Personal, professional and financial goals keep us honest and focused. Remembering why we are doing what we are doing may seem obvious but can get lost on us over time. Doing more of what makes us happy and less of what doesn’t is the aim. Sometimes what we truly value and how we spend our day to day lives are out of sync. As the author Peter Drucker says “Tell me what you value and I might believe you but show me your calendar and bank statement and I’ll show you what you really value.” Identifying our personal and financial goals can help determine what the business needs to achieve to meet these goals. You know your business best. It might sound obvious, but a business should have the following objectives:


·         Obsess over the client experience and journey.

·         Know how much the business costs to run.

·         Spend less than the business makes by keeping costs lean.

·         Save one months’ worth of business costs as a buffer.

·         Pay off all debt.

·         Save six months plus of business costs in an emergency fund.

·         Manage and plan cashflow.

·         Identify and explore areas for growth.

·         Explore scalability options.

·         Diversify income streams.

·         Be sale ready.


Profitability for a business is the same as savings rate for a person, both are fundamental to building wealth. The better business profits are the more options a business will have. We can reinvest in the business, take it as salary, pay a dividend or contribute towards our pension.


Being financially organized is an important part of being successful in business. Personal and business finances need to be kept separate. Being financially organized allows us to have a clear view of our cashflow. When it comes to business cashflow is king. Spending more than we earn can lead to debt and building debt is risky and unsustainable. Personal financial organization is discussed in episode 4. The value of good accountancy software, a good bookkeeper, accountant, and financial planner are not to be underestimated. Many business owners recognize the value and benefits in the skills of others, much in the same way clients recognize the benefits and skills of their business. Part of being a leader is utilizing the strengths of others.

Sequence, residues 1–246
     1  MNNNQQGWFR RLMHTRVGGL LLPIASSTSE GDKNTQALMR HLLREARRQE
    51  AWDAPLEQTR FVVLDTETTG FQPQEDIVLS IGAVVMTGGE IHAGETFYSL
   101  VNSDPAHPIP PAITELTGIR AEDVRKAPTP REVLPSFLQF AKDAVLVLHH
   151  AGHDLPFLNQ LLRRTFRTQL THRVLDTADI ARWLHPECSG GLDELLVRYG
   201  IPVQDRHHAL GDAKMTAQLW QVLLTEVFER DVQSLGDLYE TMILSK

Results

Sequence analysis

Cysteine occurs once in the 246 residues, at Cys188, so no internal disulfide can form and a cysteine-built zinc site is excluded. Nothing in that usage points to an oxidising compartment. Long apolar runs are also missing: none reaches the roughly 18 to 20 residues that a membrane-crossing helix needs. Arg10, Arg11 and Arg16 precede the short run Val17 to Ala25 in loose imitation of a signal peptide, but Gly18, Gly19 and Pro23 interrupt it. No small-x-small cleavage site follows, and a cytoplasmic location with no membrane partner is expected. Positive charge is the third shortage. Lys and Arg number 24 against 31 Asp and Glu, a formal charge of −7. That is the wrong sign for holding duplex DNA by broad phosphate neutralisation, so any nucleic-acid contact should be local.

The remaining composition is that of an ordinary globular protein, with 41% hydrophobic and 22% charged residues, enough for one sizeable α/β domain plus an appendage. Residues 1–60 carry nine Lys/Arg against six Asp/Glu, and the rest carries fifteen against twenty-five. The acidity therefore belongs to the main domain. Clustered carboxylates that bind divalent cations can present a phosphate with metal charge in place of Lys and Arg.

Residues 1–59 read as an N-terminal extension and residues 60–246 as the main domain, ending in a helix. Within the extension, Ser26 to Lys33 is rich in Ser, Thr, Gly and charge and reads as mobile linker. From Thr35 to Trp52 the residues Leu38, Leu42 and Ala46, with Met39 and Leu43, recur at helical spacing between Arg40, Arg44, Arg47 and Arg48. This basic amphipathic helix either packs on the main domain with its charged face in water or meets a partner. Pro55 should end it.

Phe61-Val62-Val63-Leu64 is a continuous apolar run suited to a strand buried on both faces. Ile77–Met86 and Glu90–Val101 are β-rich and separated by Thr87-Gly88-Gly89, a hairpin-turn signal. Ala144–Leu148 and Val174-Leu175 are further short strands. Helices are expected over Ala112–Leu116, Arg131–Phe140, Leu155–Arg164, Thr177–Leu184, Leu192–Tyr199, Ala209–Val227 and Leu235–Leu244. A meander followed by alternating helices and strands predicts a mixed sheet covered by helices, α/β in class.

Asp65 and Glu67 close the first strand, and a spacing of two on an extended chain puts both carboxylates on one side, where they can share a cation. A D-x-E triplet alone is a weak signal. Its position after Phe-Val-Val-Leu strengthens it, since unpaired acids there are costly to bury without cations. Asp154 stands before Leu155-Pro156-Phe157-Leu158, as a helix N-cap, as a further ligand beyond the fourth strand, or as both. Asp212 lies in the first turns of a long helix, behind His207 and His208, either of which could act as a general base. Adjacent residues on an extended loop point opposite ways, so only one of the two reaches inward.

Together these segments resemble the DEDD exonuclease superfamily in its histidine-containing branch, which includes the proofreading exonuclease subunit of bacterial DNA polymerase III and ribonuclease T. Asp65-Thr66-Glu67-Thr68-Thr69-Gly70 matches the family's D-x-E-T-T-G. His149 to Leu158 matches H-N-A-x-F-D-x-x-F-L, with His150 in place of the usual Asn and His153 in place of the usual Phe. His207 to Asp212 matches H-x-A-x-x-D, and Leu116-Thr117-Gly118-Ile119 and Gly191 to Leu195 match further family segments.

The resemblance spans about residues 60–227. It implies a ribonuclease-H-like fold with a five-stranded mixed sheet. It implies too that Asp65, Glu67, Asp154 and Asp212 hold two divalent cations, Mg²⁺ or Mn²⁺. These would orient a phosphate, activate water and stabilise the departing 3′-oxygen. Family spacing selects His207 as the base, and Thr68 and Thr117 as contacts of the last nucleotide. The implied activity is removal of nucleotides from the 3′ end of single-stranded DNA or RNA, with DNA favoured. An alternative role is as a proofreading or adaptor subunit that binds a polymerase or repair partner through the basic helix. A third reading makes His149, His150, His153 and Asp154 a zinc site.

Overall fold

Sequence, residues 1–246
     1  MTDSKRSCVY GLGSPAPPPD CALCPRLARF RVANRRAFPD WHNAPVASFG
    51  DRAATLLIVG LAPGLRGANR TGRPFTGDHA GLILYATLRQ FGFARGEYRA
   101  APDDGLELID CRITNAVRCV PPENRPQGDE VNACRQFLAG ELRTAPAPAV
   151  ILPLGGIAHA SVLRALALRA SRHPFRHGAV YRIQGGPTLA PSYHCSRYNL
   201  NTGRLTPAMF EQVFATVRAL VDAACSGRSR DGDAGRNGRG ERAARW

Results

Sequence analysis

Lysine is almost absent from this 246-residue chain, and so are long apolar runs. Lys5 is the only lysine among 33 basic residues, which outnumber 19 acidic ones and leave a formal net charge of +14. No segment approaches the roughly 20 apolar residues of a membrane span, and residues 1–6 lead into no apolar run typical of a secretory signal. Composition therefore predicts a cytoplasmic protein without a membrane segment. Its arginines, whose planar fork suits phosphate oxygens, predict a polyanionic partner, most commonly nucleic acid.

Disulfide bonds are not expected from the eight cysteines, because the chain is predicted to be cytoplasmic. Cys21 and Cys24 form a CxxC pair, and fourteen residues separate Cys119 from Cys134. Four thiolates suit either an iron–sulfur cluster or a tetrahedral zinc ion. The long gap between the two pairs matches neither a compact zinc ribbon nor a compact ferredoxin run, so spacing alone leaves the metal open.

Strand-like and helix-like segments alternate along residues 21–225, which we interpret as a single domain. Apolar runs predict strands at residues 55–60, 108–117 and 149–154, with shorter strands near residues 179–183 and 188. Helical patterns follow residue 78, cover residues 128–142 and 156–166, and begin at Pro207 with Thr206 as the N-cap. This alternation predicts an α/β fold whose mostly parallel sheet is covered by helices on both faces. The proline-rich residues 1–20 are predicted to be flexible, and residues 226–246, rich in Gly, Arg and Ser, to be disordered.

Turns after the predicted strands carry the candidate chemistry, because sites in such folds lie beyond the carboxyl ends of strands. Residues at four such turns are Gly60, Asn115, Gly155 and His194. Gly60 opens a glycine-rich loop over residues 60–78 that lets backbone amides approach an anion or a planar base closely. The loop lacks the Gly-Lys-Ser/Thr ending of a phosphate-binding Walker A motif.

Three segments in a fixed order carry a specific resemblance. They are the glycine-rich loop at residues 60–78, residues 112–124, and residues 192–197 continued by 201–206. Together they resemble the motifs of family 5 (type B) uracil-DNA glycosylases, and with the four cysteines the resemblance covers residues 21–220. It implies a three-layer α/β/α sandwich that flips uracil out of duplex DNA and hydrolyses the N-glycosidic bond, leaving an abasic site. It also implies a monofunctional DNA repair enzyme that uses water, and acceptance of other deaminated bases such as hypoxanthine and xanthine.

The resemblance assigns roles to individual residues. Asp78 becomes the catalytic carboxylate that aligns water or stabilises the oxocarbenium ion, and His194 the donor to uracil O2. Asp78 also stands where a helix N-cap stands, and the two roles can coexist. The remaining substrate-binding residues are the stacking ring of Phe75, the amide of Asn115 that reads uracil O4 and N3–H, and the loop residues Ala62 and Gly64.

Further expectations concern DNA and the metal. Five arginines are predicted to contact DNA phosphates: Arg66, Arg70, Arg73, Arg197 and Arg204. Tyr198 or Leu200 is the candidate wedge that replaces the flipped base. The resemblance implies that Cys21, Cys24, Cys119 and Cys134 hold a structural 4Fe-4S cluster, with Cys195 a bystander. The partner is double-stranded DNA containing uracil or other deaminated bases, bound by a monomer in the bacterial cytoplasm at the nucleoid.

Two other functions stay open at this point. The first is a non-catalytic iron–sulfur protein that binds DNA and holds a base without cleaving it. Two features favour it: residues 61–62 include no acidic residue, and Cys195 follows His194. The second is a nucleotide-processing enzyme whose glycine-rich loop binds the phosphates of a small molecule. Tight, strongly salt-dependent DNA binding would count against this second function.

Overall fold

Personal protection and business protection have many parallels. Business owners can protect themselves and the business through the business. Human and business insurance is all about protecting people, the business, and debt. Small and medium size business owners are often the driving force of their businesses. From a risk perspective this can be a blessing and a curse. Business owners reap the rewards of their effort, skills and knowledge in growing and driving the business forward but at the same time, the business can be highly over reliant and dependent on the business owner to succeed. All our eggs are in one basket so to speak. Exposure to risks outside our control can threaten the long-term viability of the business. Such risks are accident, serious illness or death. In larger companies these risks are less concentrated and spread out among management and employees. If a small or medium size business owner or key employee to the business were to become seriously sick or die, it can jeopardize the survival of the business. As they say, hope for the best plan for the worst. If an employee is invaluable to the future success of the business due to their unique skills, business contacts, management expertise or business knowledge, the business can insure them through key person insurance. This covers the company if the key person becomes seriously ill or dies. Policy proceeds can be used to repay debt, replace loss of earnings and recruit a replacement.  A sole trader can take out personal cover as discussed in episode 6. Partnership insurance is to protect all business partners and their families in the event of death. The policy proceeds are used to buy back the deceased partners share of the business. This ensures the partners retain control and ownership of the business while the deceased partners family are compensated for their share in the business. Shareholder protection is the same only it is for a limited company. Shareholder protection can be implemented personally or through the business. The remaining shareholders retain control of the business and the family of the deceased shareholder receive payment for their share of the business.